Toga has allowed NOTHS to deliver code with the most value to the business during this migration phase, providing quick feedback cycles and sharable code.

Cycle.js: a reactive framework

Luca Mezzalira – Massive Interactive

Finally we had Luca give us a persuasive introduction into an alternative architecture of Model-View-Intent with Reactive Programming concepts in Cycle.js, with his eye-catching and informative slides.


Luca began with an introduction into Reactive Programming versus Imperative Programming. He then gave us an explanation of the core tenants that make up Cycle.js:

  • Pure functions – a function that given the same input will always return the same output and not cause any side-effects
  • Drivers – functions that listen to sink streams (their input), perform imperative side effects and may return source streams (their output)
  • Components – reusable piece of the UI, except in Cycle.js they have a special property, any Cycle.js app can be reused as a component in a larger Cycle.js app.
  • Streams – Observables are lazy event streams which can emit zero or more events, and may or may not finish

Luca finished with a demo of a TFL live feed and an overview of the Model-View-Intent architecture that is implemented in Cycle.js. By using Observables to communicate, each layer is decoupled as it does not directly know where to send each event, rather the event is detected by being observed. This decoupling and the fact that Observables are just pure functions is very powerful when testing.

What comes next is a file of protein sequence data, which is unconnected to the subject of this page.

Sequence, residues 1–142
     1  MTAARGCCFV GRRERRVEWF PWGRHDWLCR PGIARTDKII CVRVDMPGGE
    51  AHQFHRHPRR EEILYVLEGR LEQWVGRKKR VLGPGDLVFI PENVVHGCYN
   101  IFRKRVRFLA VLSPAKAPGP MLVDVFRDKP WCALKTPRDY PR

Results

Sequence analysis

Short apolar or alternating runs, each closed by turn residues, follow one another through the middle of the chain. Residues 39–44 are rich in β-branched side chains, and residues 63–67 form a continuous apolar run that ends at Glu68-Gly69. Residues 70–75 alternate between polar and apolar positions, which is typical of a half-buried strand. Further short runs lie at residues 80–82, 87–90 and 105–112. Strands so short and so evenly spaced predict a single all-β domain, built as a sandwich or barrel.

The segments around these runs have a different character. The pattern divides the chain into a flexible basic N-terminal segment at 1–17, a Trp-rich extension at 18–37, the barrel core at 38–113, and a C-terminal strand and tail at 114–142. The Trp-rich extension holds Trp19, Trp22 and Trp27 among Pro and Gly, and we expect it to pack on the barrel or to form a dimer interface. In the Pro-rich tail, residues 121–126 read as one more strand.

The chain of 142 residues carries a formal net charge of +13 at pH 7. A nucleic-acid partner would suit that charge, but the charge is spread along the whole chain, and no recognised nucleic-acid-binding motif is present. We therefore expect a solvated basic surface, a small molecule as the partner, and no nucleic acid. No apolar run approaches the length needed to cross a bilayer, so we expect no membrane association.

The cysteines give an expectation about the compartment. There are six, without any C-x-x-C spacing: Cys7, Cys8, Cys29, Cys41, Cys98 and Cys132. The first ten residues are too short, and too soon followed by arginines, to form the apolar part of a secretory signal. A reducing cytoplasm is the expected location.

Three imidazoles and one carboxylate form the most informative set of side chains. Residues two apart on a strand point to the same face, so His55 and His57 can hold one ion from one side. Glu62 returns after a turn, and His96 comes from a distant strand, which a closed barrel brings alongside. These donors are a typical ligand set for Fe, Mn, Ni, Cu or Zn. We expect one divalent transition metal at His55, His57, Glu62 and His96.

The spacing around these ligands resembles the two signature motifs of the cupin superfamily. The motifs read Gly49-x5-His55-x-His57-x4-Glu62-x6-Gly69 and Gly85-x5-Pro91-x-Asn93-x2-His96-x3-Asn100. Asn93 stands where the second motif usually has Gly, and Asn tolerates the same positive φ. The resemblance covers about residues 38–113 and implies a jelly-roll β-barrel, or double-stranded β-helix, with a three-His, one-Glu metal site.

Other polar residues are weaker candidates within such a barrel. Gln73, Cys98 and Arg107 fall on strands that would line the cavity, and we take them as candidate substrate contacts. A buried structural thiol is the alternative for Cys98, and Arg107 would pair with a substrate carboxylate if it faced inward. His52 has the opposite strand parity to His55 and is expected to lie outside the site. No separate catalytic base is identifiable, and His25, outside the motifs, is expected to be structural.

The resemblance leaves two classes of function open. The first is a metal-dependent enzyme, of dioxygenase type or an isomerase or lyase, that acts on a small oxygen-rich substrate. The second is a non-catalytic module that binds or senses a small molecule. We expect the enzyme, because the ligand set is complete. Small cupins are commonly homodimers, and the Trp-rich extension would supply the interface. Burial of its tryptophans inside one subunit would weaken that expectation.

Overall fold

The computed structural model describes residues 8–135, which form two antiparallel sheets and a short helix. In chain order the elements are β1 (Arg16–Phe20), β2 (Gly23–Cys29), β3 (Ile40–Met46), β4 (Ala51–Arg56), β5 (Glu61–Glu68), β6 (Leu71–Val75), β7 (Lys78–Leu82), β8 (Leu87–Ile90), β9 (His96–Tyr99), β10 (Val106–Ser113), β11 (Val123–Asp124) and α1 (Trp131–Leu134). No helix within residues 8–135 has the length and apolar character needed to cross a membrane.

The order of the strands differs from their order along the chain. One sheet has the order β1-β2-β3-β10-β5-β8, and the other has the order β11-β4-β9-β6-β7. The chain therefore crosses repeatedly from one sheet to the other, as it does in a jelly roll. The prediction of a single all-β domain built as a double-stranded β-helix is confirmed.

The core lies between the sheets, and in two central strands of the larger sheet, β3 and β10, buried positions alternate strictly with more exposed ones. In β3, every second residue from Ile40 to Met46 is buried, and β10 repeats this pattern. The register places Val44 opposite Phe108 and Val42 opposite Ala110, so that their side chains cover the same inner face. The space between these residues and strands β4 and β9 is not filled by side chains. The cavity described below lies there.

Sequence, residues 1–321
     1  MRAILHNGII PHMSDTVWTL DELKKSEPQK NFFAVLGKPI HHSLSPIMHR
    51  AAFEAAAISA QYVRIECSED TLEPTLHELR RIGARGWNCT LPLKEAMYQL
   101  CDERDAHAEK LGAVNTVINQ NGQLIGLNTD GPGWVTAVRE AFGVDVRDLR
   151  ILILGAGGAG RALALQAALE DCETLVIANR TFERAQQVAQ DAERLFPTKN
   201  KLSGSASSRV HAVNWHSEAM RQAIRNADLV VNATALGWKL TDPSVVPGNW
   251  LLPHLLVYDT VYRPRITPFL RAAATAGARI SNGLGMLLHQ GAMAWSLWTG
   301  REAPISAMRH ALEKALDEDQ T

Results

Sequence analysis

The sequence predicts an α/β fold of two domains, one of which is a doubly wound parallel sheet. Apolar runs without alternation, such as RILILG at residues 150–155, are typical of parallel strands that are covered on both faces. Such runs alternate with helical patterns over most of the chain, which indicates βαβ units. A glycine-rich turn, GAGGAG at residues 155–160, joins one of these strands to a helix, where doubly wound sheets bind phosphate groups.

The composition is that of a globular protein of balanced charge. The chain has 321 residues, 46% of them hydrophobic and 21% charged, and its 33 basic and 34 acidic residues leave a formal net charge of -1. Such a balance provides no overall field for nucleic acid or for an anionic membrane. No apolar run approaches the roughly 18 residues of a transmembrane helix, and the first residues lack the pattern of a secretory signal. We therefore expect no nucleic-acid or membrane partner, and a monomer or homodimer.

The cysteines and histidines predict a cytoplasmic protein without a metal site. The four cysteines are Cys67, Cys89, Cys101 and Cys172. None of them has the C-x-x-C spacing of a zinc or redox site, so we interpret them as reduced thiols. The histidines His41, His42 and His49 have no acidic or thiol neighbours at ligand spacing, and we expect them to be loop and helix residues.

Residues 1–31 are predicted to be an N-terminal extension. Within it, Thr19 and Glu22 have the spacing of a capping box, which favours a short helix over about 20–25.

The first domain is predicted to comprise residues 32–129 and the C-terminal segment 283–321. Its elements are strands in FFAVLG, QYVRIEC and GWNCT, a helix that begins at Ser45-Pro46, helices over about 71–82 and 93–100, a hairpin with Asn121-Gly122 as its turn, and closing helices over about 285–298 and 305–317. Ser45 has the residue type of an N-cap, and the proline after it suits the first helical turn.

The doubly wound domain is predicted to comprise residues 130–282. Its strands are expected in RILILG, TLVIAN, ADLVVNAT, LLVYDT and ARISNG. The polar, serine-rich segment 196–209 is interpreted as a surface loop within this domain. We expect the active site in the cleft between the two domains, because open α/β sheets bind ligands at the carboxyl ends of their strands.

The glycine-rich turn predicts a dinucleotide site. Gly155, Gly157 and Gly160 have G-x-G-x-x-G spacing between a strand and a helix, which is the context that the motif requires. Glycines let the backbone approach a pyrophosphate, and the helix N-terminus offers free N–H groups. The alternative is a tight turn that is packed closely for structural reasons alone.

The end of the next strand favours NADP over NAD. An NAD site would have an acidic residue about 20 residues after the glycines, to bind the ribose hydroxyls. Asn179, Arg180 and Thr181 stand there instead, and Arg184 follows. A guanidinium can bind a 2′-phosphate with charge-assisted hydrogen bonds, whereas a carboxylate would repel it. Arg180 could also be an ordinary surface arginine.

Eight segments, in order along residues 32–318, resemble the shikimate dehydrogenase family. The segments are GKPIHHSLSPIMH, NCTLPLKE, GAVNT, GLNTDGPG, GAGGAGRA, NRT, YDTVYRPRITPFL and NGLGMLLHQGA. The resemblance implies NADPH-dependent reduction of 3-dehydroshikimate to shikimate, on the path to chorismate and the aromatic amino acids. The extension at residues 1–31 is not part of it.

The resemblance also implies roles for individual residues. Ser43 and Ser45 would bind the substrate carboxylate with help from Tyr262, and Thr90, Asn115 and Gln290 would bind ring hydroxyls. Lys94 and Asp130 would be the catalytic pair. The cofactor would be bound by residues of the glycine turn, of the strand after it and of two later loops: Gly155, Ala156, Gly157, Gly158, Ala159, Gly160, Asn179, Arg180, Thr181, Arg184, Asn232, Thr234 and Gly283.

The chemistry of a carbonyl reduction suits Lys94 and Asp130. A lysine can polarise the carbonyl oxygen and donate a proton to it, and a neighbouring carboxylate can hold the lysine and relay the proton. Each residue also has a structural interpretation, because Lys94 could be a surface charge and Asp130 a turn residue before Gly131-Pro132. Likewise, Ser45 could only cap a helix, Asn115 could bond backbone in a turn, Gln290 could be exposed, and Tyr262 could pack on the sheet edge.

• Model – this is where the state is stored
  • View – receives data from the model observable and prepares the Virtual DOM
  • Intent – interaction from the user that prepares the data for the Model
  • Renderer – the Virtual DOM is injected and rendered.

Thanks to Jonny, Chris and Luca for their great talks, Facebook for hosting and everyone that joined us! Did you know we’ve moved the home of the React London Meetup? Check it out! Be sure to keep an eye out for next month’s tickets as they are likely to sell out quickly.


Branding a castle for a weekend

by Sam Griffiths

This year for Red Badger’s sixth birthday we stayed at Schloss Beesenstedt, a castle 45 minutes from Leipzig in Germany.
We had our Company Day, setting the direction of travel for the next 12 months – and then we had a party. It was a magical and stunning setting. It was amazing!


Amy, Becca, Val and Saadia all did a huge amount of work to make this happen, including a site visit earlier in the year. As part of that they were able to give the design team a great brief on the feel they wanted to capture in the graphics for the event – and naturally enough this sprang from the very individual, esoteric, dramatic and gothic nature of the castle (Schloss).

We hit upon the phrase “gothic decadence” to sum up the feel we were aiming for. We then hunted for ways in which we could express that, looking in bookstores, online, finding samples, testing colours…

We started using a heavy blackletter font called Fette Gotisch – it’s pretty hard to read – and as such would be impossible to use on almost any other job! But functionality was taking a back seat to decadence!

We knew that our palette had to be dark and rich. And that’s something we wanted to run through our imagery too. The question was, what were we going to use…? We were pretty sure we wanted flowers… rich, decadent and fleeting *swoon*. In the end Froso dug out a book she’d picked up from the Riks Museum in Amsterdam – it featured an amazing still life of a vase of flowers with insects crawling over them and a snail in the corner. It was rich and beautiful, but also dark and a bit dangerous.

Then we really lucked out and found this. The Riks Museum have digitised a huge part of their collection and made it freely available. It’s a fantastic resource. And it meant we suddenly had access to a wealth of appropriate high-res imagery. We now had a palette of rich, gothic decadence to use across all the materials required.